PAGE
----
Re:It's not a problem until the wages go up (1)

xenoterracide (880092) | more than 8 years ago | (#15091513)

not so much as wanting to pay women and minorities less but getting a $$$ break from the government to hire them.

Shhh! (1)

dwalsh (87765) | more than 8 years ago | (#15091359)

... fewer graduates means greater salaries for us! Pass it on.

Like it or not, we really are all in this together (1)

3seas (184403) | more than 8 years ago | (#15091361)

... and the proof is in open source projects like linux and FSF, which does not descriminate upon where you live.

Why in the hell is there such outcry in outsourcing?

Or are there really that many people who feel they need to keep others suppressed economonically?

Not only is the outsource cry wrong but computer science has yet to get Abstraction Physics right.

I bet you could overlay the reasons for the 300 year delay in converting from roman numeral mathmatics to the much easier and more powerful hindu-arabic decimal system with its zero (nothing has value) place holder, over onto this evolution of computer science.

The arrogant and unfair drive to hold onto some social position and high pay, when in fact easier and more powerful means we can open up new values to all of us. (Note: Computer technology could not have been developed with the roman numerial system of mathmatics!)

Maybe the real reason there is a decline in interest to pursue "Computer Science" is due to the underlying feeling that there is something fundamentally wrong the way its being done today. And I suspect such issues as software patentability, or not, battles is a very good indicator of this faultiness in computer science today.

You can make the tying of a shoe sound so complifabucated that even a multidoctorate can't understand it. But doing it, not so difficult.

Its just Abstraction Physics. http://wiki.ffii.org/IstTamaiEn [ffii.org]
 

Re:Like it or not, we really are all in this toget (1)

Khaed (544779) | more than 8 years ago | (#15091405)

Why in the hell is there such outcry in outsourcing?

When it's YOUR job that gets outsourced, that's when it's a big deal.

Re:Like it or not, we really are all in this toget (1)

Dmack_901 (923883) | more than 8 years ago | (#15091448)

People oppose outsourcing for the same reason they oppose "free-trade"; it's not free.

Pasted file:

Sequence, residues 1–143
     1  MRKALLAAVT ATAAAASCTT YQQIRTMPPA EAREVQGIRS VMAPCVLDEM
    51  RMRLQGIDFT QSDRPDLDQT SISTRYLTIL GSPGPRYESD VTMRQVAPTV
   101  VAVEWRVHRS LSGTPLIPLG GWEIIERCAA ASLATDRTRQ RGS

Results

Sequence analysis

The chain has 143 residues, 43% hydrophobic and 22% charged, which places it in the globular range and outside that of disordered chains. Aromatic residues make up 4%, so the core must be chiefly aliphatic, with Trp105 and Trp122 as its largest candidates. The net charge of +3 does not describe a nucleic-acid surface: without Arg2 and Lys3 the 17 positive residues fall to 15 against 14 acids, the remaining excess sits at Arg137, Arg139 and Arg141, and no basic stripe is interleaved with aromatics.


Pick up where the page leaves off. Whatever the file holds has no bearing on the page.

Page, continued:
The only thing it is free of is government oversight. But the major reason why these jobs are being exported is because of the cheaper labor, which is a direct result of fewer civil/labor protections. In China you can work people for as long a you want(I suppose). Sure they have a job, but this job isn't helping anyone. Americans lose it. Chinese get it, and are oppressed.

I'm all for trade and outsourcing jobs, so long as the government levies tariffs porportional to the unfair advantages gained by companies in oppressive countries.

Skepticism (1)

Guppy06 (410832) | more than 8 years ago | (#15091364)

"Further, for every job outsourced from the U.S., nine new jobs are actually created in the U.S."

As someone else pointed out the last time this came up as a topic, if demand for new compsci people was really so high, wages would go up. Otherwise, it looks more like an attempt to get more suckers to accept less pay, no overtime, etc.

Do you feel lucky? (2, Funny)

Anonymous Coward | more than 8 years ago | (#15091366)

You have to pick a major and career. Do you pick the same major as the barrista who serves up your latte's and as the old guy working at Home Depot who got laid off because they didn't feel like providing any training and continuing to provide pension and medical benefits? Comp sci careers have no legs. You'd be better off picking a career with longer term prospects, like suicide bomber.

CS is a bad field to enter (0, Troll)

Equinox11 (712426) | more than 8 years ago | (#15091374)

1. You don't get overtime... A lot of times people are expected to work 50-60 hours/week. 2. It's a tough field -- Much tougher than say business or nursing. Failing computer science students often get a business degree.. There is a good reason: The difficulty is a joke compared to computer science. 3. There are way easier fields(say nursing) that compensate more highly, are not subject to outsourcing, and give overtime. 4. There is a huge risk of outsourcing. 5%? Come on.. When is the last time you called a tech support line and got an american? Cisco, Dell, Gateway, Microsoft.. Anywhere you call you speak to someone from India. Any kind of "Government study" from the Bush administration isn't exactly reliable. 5. No one understands your job, this often comes with lack of appreciation for the contributions made to an organization. 6. No licensing -- Someone can study for 2 weeks, get a MCSE and take over a lot of peoples jobs. They won't be as good as someon with a degree but see #5. In short-- Don't enter this field.. There are more highly rewarded skills you can pursue for a lot less effort.